and of finding his way home under any And fearing that his questions were
circumstances," Mr. Lofting stated. moving into the class with radio the
"And the Indian, with these abili- interviewer left.
present the ad ective storyfrmthe
beginning thus automatically tracing
ts chronological development. There
will be a definite historical value in
he idea as certainly the series whet
omplete-and it is proposed to issue
everal volumes each year-will be
unique and valuable to the general
eader and the student of literature
like. Three volumes will be issued
his fall beginning with Voltaire-what
eader knows that he once wrote a
model detective story?-covering the
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Services Wednesday, 7:30 P. M.
409 S. Division
Reading Room, 236 Nickels' Arc
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Fraternities and Sororities
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"There's a Reason"-Quality and. Service
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206 East Huron St.
doms and customs.1
The story moves with a sort of epik
sweep including the whole land. It is
the tale of a new land's birth told in
the dramatis personae of a small'
group. I do not wish to imply that
anything like, say Growth and the
Soil, is attempted. The novel does
not vary from the usual vehicle for
Lawrence's peculiar individualistic
philosophy. It is this philosophy that
makes Lawrence an important figure
in present literature. The nature of
the age places the individual more
and more on the defensive which ac-
counts for the emphasis, in the past
two decades, on the individuals rela-
tion to his surroundings. Those
readers who have been interested
observers of Mr. Lawrence's endeav-'
ors to rationalize his own impuises1
through those of his people will dis-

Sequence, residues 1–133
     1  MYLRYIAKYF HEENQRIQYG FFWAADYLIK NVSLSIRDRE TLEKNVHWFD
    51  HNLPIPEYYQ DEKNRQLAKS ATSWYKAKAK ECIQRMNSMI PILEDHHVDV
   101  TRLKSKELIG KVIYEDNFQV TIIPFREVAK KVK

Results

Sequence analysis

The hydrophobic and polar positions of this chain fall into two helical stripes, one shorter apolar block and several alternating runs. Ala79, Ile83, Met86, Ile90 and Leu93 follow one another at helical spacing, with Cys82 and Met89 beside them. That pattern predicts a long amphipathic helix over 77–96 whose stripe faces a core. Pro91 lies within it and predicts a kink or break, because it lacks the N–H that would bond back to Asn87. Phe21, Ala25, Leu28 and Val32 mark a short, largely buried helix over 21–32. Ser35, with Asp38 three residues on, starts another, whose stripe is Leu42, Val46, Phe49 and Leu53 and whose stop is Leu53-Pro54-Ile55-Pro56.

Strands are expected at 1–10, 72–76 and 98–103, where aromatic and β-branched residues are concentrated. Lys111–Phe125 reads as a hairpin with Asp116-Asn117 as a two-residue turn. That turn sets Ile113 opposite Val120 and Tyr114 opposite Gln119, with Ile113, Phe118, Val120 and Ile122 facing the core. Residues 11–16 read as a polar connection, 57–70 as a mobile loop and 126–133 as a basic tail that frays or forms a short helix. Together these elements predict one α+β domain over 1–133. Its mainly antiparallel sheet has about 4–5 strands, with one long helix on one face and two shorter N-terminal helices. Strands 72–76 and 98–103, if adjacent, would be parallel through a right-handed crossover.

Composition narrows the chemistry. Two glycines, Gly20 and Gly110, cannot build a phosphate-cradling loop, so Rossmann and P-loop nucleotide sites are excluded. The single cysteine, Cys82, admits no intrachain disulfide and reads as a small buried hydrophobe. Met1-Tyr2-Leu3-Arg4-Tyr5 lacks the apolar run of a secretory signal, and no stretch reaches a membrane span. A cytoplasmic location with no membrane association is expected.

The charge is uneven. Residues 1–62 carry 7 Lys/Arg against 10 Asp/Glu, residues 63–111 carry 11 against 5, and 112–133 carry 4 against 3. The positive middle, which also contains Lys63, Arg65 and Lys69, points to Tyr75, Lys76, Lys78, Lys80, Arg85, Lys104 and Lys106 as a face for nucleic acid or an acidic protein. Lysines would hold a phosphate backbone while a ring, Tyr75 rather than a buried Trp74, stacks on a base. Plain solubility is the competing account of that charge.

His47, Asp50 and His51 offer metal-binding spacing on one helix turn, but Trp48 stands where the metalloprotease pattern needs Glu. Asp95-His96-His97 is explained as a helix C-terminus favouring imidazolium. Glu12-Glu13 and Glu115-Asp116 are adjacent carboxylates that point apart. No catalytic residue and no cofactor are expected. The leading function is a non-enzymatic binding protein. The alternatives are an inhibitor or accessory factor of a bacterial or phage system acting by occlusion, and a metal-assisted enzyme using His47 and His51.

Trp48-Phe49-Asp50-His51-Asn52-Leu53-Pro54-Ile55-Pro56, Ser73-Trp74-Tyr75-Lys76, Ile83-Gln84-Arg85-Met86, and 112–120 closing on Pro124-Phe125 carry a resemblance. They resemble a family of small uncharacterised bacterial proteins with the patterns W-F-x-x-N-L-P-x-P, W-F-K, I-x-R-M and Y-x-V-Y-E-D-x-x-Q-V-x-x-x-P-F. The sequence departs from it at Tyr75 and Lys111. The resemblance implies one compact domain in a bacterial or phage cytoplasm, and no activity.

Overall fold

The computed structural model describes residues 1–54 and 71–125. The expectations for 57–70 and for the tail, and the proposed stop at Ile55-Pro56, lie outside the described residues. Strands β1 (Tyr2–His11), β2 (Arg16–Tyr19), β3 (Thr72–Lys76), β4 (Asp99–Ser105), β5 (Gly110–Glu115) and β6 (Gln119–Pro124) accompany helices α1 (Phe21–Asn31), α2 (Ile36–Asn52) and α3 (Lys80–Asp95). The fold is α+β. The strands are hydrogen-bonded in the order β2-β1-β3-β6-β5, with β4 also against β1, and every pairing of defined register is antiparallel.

cover that in the present book he
executes a very superior job.
It was W. L. George who pointed
out over six years ago that Lawrence
Vr. tlrN~l~r~ H~ p~r~H.r.d t~lrUfN.urr.r. ............... b"NHt ..fr ..'........ ....
TRUNKS FOR TRAVELERS
as well as bags and suit cases
of every good kind are shown
here. We can fit out the dainty
maid off for a week end with a
smart suit case or bag or can
supply regulation military kit
bags which can be folded so as
to be conveniently carried in a
trunk when not in use. All are
of dependable quality and at at-
made the mistake of making his
characters too individual. This defect
is not remedied in The Boy in the
Bush, but that is too much to ask.
It is a defect inherent in the man's
method, which is to cut deep into the
lives of his people. It may be that
the essentials he sounds seem not
to be universal because they are not
HERE are seven dis-
tinct risks involved in
every check you draw
upon your bank. They are risks
as to date, signature, alteration,
filing, stop payments, sufficiency
of balance and uncollected funds.
The depositor hears some risks,
too, but they are slight compared
to the bank's.
The size of the account and
the amount of the check have
nothing to do with these risks. A
loss is as likely to result from a
small check as a large one. There,
is probably a greater danger from
small balances than larger ones.
Banks actually lose hundreds of
millions of dollars during the
course of a year for one or an-
other of these reasons.
Yet for assuming these risks
the bank receives not one penny
for its services except the interest
it is able to earn on the custom-
er's balance. When this is small
overhead charges, cost of station-
ery and book-keeping, and other
expenses, more than wipe out the
Contrary to public opinion,
these risks are not trifling. Each
check has potential possibilities
for loss. Care on the pai t of the
depositor may minimize them, but
danger still lingers in every pay-
Banks are rendering a distinct
public service in permitting checks
to be drawn against balances.
Without this service the business
of the country would be retarded
materially. It is a service they are
glad to perform gratuitously, but
when the number of small checks
drawn against small balances be-
comes the great proportion o all
transactidns, it becomes a serious
burden upon the banks. This
would be so if only the extra time
and expense were involved. Wher
it is considered the risks are pro-
portionally increased, proportion-
ally the burden becomes even
In subsequent articles in this
paper, additional relations of the
bank and the depositor will be
discussed. We urge you to watch
for them and read them.
F. W. WILKINSON
325 South Main Street
"Luggage for Michigan Men and Women"